While yogurt manufacturers appear to be looking for profitable uses for the whey, they pay farmers to take it away. It may be destined to feed pigs and cows, fertilize fields, or be mixed with manure in a biodigester to produce methane gas which is converted to electricity.

The active live cultures found in yogurt are called probiotics, a family of organisms whose description “for life” refers to beneficial properties. Most of human beneficial bacterium resides in the gastro-intestinal tract, and there is evidence that the probiotics found in fermented foods may assist with digestion when the body’s normal supply is damaged, such as after a course of antibiotics. However, citing inadequate scientific data, neither the FDA nor the European Food Safety Authority has authorized sellers of food products to make any health claims related to probiotics. As for me, I just like the convenience of this calcium-rich product with a reasonable shelf life.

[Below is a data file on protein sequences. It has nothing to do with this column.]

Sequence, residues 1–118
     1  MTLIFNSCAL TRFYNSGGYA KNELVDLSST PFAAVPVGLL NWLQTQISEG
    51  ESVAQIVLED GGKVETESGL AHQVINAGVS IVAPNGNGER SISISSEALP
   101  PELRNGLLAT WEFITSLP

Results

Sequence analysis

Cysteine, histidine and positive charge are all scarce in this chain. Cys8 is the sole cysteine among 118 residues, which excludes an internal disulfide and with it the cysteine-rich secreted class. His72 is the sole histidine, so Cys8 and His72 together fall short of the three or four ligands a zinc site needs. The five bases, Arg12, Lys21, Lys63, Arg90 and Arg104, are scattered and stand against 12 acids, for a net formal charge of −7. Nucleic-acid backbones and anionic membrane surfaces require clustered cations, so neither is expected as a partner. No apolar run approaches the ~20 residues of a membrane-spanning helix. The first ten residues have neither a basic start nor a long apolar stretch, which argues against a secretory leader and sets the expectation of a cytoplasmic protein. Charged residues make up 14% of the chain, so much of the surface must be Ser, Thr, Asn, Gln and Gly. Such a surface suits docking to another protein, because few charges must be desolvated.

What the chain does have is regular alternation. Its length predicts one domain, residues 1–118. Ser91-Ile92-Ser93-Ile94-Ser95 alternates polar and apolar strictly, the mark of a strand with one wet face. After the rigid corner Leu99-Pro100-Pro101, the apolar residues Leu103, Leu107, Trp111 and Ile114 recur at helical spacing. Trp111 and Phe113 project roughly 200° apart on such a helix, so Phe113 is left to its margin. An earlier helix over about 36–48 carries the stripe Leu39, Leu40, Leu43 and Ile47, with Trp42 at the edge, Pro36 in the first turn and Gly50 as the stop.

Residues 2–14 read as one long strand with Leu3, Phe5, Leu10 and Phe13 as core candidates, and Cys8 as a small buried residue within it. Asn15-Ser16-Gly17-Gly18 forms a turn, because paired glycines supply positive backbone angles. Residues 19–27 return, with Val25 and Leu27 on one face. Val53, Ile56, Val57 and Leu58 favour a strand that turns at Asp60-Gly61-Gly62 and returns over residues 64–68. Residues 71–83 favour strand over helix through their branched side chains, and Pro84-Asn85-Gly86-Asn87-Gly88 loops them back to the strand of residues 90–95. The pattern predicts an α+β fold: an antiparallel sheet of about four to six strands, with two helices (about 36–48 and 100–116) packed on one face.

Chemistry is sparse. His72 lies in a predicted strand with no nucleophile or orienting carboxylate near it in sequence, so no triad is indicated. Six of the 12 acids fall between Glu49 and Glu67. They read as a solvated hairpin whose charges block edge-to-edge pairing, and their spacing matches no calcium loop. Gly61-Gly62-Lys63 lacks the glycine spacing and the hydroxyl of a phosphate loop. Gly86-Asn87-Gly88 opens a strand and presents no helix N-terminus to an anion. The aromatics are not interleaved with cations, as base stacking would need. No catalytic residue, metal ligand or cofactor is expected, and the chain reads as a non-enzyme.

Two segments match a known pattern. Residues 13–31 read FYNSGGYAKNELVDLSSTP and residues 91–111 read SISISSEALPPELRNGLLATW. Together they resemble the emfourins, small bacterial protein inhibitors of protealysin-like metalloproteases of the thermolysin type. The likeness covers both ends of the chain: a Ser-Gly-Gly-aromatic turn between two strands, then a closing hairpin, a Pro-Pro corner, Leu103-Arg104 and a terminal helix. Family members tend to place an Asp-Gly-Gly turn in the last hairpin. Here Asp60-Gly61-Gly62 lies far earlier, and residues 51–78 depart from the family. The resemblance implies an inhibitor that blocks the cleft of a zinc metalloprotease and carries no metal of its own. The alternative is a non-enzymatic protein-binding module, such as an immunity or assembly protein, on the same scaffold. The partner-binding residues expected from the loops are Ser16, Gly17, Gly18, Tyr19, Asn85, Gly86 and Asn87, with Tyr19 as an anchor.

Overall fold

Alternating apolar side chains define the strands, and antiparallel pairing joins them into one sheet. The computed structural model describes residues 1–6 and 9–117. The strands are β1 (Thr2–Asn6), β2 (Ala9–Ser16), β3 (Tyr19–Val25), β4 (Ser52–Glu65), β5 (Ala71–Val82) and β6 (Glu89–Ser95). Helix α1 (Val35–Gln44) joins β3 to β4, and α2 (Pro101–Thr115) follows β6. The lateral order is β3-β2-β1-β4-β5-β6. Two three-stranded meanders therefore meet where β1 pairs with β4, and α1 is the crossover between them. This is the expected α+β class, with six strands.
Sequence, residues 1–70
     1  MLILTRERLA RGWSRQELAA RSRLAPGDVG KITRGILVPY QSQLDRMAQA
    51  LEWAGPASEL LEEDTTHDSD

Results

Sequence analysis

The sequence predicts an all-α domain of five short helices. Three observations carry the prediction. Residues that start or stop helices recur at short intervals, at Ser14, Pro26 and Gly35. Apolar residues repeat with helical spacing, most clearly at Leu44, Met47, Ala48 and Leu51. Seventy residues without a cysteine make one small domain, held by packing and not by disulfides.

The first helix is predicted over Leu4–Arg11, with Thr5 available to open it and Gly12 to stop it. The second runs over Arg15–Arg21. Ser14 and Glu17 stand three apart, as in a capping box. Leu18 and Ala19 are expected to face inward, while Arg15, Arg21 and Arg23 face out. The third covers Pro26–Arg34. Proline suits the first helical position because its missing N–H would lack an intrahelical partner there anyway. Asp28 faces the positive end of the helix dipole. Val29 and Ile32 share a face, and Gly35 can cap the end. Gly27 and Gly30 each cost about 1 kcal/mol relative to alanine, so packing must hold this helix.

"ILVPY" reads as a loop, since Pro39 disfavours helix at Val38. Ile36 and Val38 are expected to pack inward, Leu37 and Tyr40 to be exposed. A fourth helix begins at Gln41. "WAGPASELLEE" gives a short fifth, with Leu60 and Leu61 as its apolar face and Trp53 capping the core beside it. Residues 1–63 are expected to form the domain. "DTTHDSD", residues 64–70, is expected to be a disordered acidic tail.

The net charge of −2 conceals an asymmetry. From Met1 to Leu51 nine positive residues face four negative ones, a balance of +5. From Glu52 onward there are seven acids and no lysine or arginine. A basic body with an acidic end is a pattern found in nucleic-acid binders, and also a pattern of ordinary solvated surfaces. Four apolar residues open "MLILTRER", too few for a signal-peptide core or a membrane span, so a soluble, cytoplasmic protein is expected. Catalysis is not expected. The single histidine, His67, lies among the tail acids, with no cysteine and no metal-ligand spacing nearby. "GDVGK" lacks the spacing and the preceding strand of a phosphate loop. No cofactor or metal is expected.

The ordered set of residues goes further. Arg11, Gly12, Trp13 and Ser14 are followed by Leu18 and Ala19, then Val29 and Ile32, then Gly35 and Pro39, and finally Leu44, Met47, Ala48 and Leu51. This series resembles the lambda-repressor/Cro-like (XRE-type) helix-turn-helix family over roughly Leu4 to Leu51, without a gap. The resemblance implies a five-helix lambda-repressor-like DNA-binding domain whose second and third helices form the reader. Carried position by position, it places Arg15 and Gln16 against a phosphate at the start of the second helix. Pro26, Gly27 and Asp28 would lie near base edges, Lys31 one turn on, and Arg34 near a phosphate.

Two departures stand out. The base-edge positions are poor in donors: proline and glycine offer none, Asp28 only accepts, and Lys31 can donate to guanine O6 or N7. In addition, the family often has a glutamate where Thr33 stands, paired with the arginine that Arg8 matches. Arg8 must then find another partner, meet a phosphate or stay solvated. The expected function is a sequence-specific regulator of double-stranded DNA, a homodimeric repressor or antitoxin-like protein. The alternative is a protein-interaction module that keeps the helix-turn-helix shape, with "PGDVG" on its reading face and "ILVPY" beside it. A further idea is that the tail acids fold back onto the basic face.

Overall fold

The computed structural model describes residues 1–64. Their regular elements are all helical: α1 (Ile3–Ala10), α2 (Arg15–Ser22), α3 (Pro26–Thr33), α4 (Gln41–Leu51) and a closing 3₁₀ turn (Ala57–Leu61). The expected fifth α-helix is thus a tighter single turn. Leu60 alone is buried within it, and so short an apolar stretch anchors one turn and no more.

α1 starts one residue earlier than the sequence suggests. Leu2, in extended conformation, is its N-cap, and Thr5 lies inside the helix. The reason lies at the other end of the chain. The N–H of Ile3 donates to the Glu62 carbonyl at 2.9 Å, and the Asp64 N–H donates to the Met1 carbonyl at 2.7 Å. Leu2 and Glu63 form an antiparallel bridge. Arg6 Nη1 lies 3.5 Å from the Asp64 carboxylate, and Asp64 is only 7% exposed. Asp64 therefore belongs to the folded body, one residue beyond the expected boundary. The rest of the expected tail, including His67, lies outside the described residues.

When I was in college, my roommates made yogurt. ”They’ve got too much time on their hands,” I thought as I grabbed a hard-boiled egg and a fifty cent carton of supermarket fruit yogurt from the refrigerator.

But now, a good regular yogurt costs about a dollar. With a gallon of organic milk ($6.99) I can make 21 such servings for 33 cents each, with regular hormone-free milk it runs 19 cents. The payback period for my $50 yogurt maker is just eight batches. Additional benefits of doing it myself include taking advantage of reusable containers, ensuring a gluten-free product, and eliminating preservatives, thickeners, and artificial flavors.